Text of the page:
According to a report presented at the 2011 World Congress on Osteoarthritis, patients who have severe pain within the first 3 months following total knee replacement surgery have worse pain and function at one and 2 years post-op and are less satisfied with the procedure than patients who do not experience severe pain within the first 3 months. Patients who are depressed and those who view their pain level as worse than it actually is also are more likely to experience severe post-op pain.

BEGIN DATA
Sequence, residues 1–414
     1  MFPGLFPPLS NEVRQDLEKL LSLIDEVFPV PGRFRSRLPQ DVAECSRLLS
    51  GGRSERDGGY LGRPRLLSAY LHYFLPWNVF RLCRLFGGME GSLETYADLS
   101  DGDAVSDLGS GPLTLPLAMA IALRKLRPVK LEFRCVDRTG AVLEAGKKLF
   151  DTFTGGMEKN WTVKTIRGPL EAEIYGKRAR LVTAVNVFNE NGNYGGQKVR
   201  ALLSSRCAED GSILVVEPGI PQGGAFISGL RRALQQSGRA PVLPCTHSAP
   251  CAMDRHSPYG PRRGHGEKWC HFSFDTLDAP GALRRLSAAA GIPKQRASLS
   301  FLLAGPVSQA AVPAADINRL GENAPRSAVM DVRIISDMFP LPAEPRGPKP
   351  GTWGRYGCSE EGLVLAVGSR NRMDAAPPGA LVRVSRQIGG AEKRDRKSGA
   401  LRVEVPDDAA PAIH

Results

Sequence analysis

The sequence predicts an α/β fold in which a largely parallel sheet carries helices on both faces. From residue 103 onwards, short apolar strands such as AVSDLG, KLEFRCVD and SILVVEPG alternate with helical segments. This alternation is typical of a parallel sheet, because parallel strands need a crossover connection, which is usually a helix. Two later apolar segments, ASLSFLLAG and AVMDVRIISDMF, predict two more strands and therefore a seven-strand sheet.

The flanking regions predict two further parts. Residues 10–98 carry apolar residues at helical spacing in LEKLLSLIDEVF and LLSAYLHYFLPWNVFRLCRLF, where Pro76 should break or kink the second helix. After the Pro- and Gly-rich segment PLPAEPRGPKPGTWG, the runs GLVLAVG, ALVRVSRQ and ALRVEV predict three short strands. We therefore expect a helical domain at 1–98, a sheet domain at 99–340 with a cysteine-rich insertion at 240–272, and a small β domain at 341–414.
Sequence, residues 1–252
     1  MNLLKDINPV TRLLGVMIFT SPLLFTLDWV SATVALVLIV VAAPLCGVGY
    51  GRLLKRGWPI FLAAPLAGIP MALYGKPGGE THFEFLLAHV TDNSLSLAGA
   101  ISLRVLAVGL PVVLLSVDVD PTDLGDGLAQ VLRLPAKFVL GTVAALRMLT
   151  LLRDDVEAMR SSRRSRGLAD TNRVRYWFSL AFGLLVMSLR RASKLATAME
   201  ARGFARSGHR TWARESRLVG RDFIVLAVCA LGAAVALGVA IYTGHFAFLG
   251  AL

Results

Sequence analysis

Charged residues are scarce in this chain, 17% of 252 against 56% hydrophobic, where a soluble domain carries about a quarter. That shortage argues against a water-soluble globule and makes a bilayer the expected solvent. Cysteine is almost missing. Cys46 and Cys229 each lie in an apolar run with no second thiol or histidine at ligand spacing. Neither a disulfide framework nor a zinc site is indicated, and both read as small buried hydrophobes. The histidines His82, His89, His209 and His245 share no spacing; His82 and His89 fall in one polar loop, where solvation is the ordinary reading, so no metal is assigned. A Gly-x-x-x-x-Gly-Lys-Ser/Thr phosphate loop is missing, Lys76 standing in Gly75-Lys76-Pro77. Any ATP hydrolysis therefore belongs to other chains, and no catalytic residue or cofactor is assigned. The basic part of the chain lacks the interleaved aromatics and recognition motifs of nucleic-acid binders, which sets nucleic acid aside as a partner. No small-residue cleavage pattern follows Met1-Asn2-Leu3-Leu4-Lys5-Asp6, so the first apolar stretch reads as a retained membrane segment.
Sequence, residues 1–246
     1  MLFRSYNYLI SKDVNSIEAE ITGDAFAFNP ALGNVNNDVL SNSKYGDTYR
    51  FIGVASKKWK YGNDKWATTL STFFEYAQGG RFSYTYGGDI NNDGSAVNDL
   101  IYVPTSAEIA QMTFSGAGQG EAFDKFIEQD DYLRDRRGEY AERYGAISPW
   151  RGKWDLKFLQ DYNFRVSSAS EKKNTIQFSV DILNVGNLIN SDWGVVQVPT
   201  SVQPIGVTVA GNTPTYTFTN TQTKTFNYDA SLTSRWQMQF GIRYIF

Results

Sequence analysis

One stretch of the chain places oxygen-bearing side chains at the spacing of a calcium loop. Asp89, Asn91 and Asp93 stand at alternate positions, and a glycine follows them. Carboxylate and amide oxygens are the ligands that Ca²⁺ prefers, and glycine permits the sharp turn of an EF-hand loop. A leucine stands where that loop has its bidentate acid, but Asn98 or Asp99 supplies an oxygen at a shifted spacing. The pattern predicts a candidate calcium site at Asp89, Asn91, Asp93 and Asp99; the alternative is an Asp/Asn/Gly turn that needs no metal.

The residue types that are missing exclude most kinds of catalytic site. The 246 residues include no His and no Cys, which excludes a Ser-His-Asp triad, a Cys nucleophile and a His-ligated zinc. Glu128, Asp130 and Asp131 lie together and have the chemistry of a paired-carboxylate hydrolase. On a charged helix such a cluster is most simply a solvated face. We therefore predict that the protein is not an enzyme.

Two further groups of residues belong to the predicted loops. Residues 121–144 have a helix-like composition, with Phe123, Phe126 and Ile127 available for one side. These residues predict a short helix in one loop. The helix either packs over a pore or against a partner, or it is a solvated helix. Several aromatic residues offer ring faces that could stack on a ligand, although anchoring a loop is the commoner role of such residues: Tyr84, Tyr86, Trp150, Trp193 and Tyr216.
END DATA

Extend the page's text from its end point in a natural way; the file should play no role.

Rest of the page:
About 15% of patients experience severe pain after knee replacement surgery, but until now, it was not associated necessarily with poor long-term outcomes. Researchers concluded there was a link after studying WOMAC Osteoarthritis Index scores of a group of 622 patients who had knee replacement surgery. Researchers suggested that cognitive behavioral therapy, pain management, and antidepressants may be helpful when indicated before surgery or after -- as well as considering surgery sooner, before pain becomes too severe.
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